“He loved writing,” recalls Kincaid, adding that soon after giving Shawn the 690-word story “Girl”, which announces some of her stylistic traits and major themes, “he came into my office and paced up and down and talked about it”. Shawn had spotted a talent — he went on to print almost everything she wrote — but Kincaid attributes her success to “sheer luck, really. I’m like the blade of grass that missed the scythe.”
The five titles out this month span fiction and non-fiction, yet for their author the distinction between the two is “convenient for a scholar” alone. “Writing, it seems to me, depends primarily on a kind of chaos [so] that categorisation . . . only hinders the reader and the writer,” says Kincaid, explaining that she prefers to think in terms of “different forms” because “when I started to write, I just wrote”.
“In what we would call fiction I manipulate and invent things, though it always has something familiar and true in it.” In works such as My Brother — an account, to be reissued next spring, of Kincaid’s brother’s life and Aids-related death aged 33 that she “could only write in the dark with glasses of gin” — she continues, “the truth is very important. But the truth of something is also very important to me when I am writing what we call fiction. And it’s not that I embellish, I manipulate. Whereas when I’m writing something that we call non-fiction, I do not manipulate.”
In Kincaid’s eyes, attempts to turn writing into an industry, so that it becomes “like dentistry”, are misguided. “It’s just heartbreaking to see young people thinking this is a career. Publishing is a career. Writing is life. It’s something you do because you have to do it.”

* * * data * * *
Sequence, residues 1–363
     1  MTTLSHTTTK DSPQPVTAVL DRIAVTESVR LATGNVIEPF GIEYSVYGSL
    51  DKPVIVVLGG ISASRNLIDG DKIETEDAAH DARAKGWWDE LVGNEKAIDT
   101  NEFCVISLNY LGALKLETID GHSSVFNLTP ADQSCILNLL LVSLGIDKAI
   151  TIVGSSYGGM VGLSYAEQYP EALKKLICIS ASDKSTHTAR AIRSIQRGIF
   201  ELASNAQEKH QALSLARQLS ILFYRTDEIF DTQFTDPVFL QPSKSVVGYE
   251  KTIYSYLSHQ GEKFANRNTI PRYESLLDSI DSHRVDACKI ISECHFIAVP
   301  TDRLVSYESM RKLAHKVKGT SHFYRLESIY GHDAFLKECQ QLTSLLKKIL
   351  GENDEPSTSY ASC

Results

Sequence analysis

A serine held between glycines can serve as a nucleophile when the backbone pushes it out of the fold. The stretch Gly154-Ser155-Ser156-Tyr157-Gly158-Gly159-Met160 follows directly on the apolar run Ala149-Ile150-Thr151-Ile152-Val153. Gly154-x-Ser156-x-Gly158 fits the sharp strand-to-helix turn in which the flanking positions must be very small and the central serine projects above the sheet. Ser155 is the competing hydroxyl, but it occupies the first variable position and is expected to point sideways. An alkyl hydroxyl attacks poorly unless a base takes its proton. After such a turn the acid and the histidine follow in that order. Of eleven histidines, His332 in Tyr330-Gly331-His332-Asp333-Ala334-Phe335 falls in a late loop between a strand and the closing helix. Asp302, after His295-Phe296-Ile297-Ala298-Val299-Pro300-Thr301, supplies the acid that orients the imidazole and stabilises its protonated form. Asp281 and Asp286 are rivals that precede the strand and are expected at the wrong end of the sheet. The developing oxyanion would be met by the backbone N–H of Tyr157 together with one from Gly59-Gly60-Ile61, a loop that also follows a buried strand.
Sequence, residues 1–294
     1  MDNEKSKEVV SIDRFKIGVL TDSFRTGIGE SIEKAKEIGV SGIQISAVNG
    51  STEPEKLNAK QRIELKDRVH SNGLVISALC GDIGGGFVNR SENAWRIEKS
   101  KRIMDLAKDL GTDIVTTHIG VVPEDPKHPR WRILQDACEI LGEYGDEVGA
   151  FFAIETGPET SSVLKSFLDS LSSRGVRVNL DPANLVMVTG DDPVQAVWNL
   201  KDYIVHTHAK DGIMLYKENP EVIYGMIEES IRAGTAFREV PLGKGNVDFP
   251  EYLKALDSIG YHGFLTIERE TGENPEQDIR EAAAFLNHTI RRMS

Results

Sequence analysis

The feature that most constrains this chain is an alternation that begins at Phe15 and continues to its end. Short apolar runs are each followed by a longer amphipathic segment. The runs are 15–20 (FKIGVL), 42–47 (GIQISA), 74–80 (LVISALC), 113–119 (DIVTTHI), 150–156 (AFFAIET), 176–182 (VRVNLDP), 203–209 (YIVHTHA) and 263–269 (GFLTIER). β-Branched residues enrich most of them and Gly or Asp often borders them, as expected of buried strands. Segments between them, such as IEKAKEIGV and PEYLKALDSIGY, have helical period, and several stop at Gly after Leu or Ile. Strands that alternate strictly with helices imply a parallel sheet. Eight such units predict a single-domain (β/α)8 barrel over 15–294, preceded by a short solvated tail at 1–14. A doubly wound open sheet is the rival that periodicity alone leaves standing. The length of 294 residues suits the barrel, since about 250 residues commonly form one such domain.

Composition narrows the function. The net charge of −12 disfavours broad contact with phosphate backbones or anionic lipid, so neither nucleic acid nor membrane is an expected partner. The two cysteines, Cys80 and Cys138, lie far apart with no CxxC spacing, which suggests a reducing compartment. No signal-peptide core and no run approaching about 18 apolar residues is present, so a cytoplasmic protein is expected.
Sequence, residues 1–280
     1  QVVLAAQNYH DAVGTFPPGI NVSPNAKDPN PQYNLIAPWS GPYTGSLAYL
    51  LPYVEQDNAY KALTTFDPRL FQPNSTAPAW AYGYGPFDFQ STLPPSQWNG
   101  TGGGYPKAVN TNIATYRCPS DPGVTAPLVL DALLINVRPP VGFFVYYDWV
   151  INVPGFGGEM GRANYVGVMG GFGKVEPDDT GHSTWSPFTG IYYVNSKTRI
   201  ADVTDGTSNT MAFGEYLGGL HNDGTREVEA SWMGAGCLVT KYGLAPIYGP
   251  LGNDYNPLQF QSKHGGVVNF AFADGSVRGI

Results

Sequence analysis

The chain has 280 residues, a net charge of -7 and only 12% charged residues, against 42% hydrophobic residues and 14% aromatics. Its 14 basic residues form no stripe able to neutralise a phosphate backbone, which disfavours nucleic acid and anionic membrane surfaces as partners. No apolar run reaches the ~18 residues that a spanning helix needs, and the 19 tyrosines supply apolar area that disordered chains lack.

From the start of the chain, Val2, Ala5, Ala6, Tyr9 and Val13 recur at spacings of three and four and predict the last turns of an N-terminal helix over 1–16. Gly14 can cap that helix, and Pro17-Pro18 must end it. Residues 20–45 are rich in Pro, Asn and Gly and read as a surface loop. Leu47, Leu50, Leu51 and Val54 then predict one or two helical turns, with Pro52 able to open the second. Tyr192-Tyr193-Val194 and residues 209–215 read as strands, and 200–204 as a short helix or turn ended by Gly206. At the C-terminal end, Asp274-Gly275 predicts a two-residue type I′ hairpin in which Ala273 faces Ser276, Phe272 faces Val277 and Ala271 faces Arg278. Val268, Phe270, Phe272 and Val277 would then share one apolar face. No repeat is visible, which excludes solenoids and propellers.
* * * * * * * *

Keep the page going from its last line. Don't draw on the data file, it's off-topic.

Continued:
Kincaid has frequently analysed the effects of colonialism, notably in the 1988 essay A Small Place, and she argues the British empire’s legacies go beyond the former colonies. “What’s fascinating to me is that [Britain is] so proud of this history. The British empire was a fucking nightmare for a lot of us. You can’t say otherwise. It was a nightmare for them too.
“We are correctly concerned with the damage enslavement and exploitation did to Africans but the damage it did to Europeans is fascinating to me. It led them to kill millions of people, it ended up killing millions of people in the mid-20th century, which is something I think a lot of people don’t connect. The Spanish Inquisition and Christopher Columbus’ journey into the so-called New World occurred within 20 years of each other, and the Inquisition you can say without doubt ends in the Holocaust.”
Connections abound in Kincaid’s universe, and two sites that have encouraged them are her garden and the classroom: she has taught at Harvard University since 1992.
For Kincaid, movements such as #MeToo and calls for broader curricula have been “very educational”. “I think what students have been demanding, if that’s the word, is respect,” she says. “That they not be treated as second-tier people . . . that they be regarded as human beings.”
In January, Kincaid was one of 38 Harvard professors to sign a letter defending a colleague found to have violated university sexual harassment and professional conduct policies. An outcry ensued, and she and 33 others retracted their signatures days later “when [they] realised that something was wrong”, she tells me. Calling it a “teaching moment”, she adds: “It was very important to me that I apologise to my class, explain the situation to my class and convey to them that I thought they were equal people and to respect them.”
As for the garden, where she grows both vegetables and flowers, Kincaid calls it “the place where I retreat and think about everything, and sometimes things happen. For instance, I would not have made the connection between naming and possession — that to give something its name is to put your mark on it, which begins with Adam in the creation story and continues with [the botanist Carl] Linnaeus — except in the garden.”
Not unlike Wordsworth, whose “heart with pleasure fill[ed]” at the sight of those “golden daffodils”, Kincaid affirms that gardening “feeds my writing”, joking that a course she teaches at Harvard on “The Paradox of the Garden: Good and Evil in Paradise” is “not Monty Don at all”. “It leads me into the world,” she concludes. “It’s a source of pleasure and knowledge, and knowledge is a source of pleasure for me.”
Franklin Nelson is the FT’s Maisie Hylton Fellow